(VIRGINIA) — With just over a week to go until the last day of voting in Virginia and New Jersey, former President Barack Obama is joining each state’s Democratic nominee for governor on the campaign trail Saturday, hoping to motivate the party’s base to turn out in their state’s off-year general elections.
Always held the year after a presidential election, the statewide and legislative races in both states are seen as bellwethers for the nation’s political landscape going into the midterms. A strong showing by Democrats could assuage party fears about 2022, but if Republicans make gains, it will serve as a warning shot for Democrats as they try to connect with voters in the post-Trump era.
Obama isn’t the first top surrogate to hit the trail with New Jersey Gov. Phil Murphy and former Gov. Terry McAuliffe, who is hoping to secure Virginia’s top executive post for a second time after leaving office in 2018. First lady Jill Biden stumped with both Democrats last week, and Georgia’s Stacey Abrams and Vice President Kamala Harris campaigned with McAuliffe Sunday and Thursday, respectively.
“Let’s be clear about who this man is. He has the life experience, the professional experience, the experience in this state. … he walks his talk, he is a fighter,” Harris said of McAuliffe. “When you elect somebody or governor, you want to make sure you really know who they are. Well, we know who Terry is.”
Acknowledging how close the race is between McAuliffe and Republican Glenn Youngkin, she added, “We got to make it clear that we’re not taking anything for granted. You know, four years ago, there was a lot of folks who said, ‘Oh, if I don’t vote, everything will be alright. It wasn’t alright.”
McAuliffe also has an event planned with President Joe Biden in deep blue Arlington on Tuesday. While Biden and McAuliffe have been friends for over 40 years, the president hasn’t stumped with him since late July. Earlier this month, McAuliffe acknowledged Biden’s approval rating has taken a hit since then.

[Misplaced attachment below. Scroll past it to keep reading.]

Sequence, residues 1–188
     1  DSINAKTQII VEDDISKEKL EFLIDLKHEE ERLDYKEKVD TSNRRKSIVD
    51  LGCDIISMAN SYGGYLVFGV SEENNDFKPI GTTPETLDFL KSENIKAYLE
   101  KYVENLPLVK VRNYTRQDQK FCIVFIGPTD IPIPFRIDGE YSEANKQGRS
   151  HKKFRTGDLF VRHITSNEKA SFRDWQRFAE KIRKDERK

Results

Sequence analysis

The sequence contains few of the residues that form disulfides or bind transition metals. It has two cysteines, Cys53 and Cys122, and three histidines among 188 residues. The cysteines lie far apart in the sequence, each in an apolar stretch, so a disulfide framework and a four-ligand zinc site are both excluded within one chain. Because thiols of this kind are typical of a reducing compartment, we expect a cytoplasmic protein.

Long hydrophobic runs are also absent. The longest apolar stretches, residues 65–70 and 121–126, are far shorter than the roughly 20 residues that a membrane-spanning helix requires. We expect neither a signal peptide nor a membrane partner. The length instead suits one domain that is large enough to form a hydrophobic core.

“We are facing a lot of headwinds from Washington, as you know. The president is unpopular today unfortunately here in Virginia, so we have got to plow through,” he said at a virtual rally.
Those headwinds appear to be hampering McAuliffe more than Murphy, according to public polling.
A September poll from Monmouth University showed Murphy with a 13-point lead over his Republican opponent, former Assemblyman Jack Ciattarelli, among New Jersey registered voters. Ciattarelli has taken aim at Murphy’s handling of the COVID19 pandemic, arguing the Democrat’s policies have been too restrictive and the state’s economy has suffered for it. But according to Monmouth’s poll, half of registered voters have more trust in Murphy to handle the pandemic.
On the economy and taxes, issues that have been front and center in Ciattarelli’s campaign, the Republican fares better against Murphy.
In Virginia, however, the gubernatorial race is neck and neck. A Monmouth poll out Wednesday showed McAuliffe and Youngkin, a former private equity executive, tied among registered voters, and for the first time in the university’s polling of this race, Youngkin leads in one probabilistic likely electorate model.
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